Tuesday, March 30, 2010

Topic: Reading Standards for Informational Text, K-5 (2).

10-second review: Selected highlight standards for information reading in grades 3, 4, 5. Main idea and supporting details. Use bold print, etc., to locate information. Prior knowledge. Compare and contrast. Summarize. Sequence of events. Eyewitness vs. second-hand accounts. Charts, diagrams, etc. Evidence to support claims. Two or more texts on same subject. Quote. Organization of information. Similarities and differences. Integrate information from several texts.

Title: “CCSSI (Common Core State Standards Initiative) for English Language Arts and Literacy in History/Social Studies and Science.” March 10, 2010, p. 11. You will find the standards at http://www.corestandards.org/.

Grade 3: Determine the main idea of a text and explain how it is supported by the key details. Determine the relationship between historical or scientific events or ideas in a text. Use bold print, key words, topic sentences, hyperlinks to locate information. Compare what is presented in a text with relevant prior knowledge. Compare and contrast information from two texts on the same subject.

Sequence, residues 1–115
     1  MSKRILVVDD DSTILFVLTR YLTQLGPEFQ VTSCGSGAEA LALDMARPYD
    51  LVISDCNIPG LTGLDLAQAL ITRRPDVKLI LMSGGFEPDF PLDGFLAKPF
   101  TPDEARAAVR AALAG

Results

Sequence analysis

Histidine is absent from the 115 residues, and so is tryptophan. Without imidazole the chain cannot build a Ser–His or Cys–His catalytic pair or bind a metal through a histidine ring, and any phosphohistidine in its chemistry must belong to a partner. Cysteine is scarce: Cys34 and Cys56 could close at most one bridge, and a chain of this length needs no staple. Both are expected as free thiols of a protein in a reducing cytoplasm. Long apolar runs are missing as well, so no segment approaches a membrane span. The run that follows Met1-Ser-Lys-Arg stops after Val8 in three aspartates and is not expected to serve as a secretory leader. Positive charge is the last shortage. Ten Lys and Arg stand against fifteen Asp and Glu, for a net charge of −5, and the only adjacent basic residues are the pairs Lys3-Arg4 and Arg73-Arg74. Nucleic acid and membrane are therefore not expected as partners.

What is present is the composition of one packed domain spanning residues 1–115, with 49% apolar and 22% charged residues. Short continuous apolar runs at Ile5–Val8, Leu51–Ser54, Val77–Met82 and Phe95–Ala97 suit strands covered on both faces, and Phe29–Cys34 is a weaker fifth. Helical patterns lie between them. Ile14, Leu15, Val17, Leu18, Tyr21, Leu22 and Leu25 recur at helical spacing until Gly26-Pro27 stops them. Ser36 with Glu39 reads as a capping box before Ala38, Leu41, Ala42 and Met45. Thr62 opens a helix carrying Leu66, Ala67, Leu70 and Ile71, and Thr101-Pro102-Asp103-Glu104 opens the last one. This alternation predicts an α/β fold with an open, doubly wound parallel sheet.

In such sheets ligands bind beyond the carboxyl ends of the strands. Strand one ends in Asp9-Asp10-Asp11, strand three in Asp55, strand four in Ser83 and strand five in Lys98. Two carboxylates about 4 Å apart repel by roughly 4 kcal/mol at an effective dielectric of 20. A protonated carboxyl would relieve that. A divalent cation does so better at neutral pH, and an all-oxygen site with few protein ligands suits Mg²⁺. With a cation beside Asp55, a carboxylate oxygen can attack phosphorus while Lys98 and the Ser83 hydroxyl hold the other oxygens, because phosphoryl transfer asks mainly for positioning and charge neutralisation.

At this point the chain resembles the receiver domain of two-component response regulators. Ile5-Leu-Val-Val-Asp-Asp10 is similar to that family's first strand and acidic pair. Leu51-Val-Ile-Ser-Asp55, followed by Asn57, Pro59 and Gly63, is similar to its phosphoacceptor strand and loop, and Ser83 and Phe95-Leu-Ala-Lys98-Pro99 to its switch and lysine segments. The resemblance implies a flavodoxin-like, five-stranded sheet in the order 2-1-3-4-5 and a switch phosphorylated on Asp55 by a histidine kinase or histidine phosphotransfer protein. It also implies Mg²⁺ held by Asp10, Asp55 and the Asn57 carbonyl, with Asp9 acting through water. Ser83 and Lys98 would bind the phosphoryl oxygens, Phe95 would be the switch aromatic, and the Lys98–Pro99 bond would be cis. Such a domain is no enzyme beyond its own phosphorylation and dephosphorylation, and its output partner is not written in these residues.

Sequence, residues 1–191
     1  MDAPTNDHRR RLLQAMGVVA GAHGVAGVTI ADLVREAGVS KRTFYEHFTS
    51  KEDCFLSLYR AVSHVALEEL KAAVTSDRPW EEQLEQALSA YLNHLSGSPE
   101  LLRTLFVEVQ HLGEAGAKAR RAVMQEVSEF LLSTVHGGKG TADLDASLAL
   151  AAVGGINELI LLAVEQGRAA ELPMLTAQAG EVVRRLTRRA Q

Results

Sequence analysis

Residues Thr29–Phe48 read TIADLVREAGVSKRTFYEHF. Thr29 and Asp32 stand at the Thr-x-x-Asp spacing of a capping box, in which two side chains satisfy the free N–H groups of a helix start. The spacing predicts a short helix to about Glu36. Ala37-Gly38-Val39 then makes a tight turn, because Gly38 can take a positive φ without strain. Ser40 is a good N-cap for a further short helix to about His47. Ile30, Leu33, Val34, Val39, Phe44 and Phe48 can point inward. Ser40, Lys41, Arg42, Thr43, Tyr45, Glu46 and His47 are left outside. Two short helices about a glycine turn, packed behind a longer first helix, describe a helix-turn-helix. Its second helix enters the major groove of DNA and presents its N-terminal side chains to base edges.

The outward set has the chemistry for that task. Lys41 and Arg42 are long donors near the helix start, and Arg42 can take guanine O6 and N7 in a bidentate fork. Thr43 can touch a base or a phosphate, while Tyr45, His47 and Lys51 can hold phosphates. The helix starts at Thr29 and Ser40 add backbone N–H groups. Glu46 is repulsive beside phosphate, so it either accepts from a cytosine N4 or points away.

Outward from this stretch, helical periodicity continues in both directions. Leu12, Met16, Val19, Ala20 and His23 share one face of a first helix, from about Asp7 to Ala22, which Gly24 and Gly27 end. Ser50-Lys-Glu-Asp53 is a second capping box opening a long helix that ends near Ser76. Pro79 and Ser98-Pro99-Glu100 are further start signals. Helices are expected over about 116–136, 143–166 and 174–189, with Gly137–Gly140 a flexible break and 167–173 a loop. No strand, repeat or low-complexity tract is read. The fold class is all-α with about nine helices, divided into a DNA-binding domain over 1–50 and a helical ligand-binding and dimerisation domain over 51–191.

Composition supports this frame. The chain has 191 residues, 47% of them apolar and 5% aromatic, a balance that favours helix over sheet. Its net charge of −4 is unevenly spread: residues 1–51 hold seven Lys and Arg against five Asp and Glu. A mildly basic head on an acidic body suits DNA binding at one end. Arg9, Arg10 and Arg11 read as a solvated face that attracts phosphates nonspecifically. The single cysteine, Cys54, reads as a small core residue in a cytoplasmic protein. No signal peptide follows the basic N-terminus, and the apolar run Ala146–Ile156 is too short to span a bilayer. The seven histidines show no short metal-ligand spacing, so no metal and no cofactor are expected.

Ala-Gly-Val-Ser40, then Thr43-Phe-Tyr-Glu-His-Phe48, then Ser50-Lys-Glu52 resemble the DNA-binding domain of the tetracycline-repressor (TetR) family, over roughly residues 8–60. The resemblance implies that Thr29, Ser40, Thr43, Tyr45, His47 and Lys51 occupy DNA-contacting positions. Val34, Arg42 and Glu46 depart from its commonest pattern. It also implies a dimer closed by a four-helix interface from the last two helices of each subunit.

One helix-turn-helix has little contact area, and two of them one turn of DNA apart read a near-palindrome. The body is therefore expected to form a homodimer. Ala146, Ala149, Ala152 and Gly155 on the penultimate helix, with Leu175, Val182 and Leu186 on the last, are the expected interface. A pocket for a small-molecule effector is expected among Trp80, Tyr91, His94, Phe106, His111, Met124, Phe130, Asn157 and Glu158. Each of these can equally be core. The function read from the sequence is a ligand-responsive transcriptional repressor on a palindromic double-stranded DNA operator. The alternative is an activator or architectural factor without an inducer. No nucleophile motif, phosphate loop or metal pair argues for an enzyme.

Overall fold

Grade 4: Use details and examples from a text to support statements about the text. Summarize the text. Describe sequence of events. Compare eyewitness and second-hand accounts of the same event. Interpret information in charts, diagrams, etc. Explain how an author uses evidence to support claims. Describe how two or more texts on the same subject build on one another.

Grade 5: Quote from a text to support statements about the text. Explain the relationships between two or more historical events or scientific concepts using one or more texts. Describe how events, ideas are organized (chronology, comparison, cause and effect). Analyze two accounts of the same event, showing similarities and differences. Use information from multiple print or digital sources to answer a question quickly. Explain how an author uses evidence to support claims. Integrate information from several texts on the same subject.

Comment: Teachers will first need to interpret each standard. What does it actually mean in detail? What does it imply? Second, teachers will need to define how to use the standards in their classrooms. What materials will be needed? Third, they will need to determine how to apply the standards consistently throughout the year. One and done won’t do it.  RayS.

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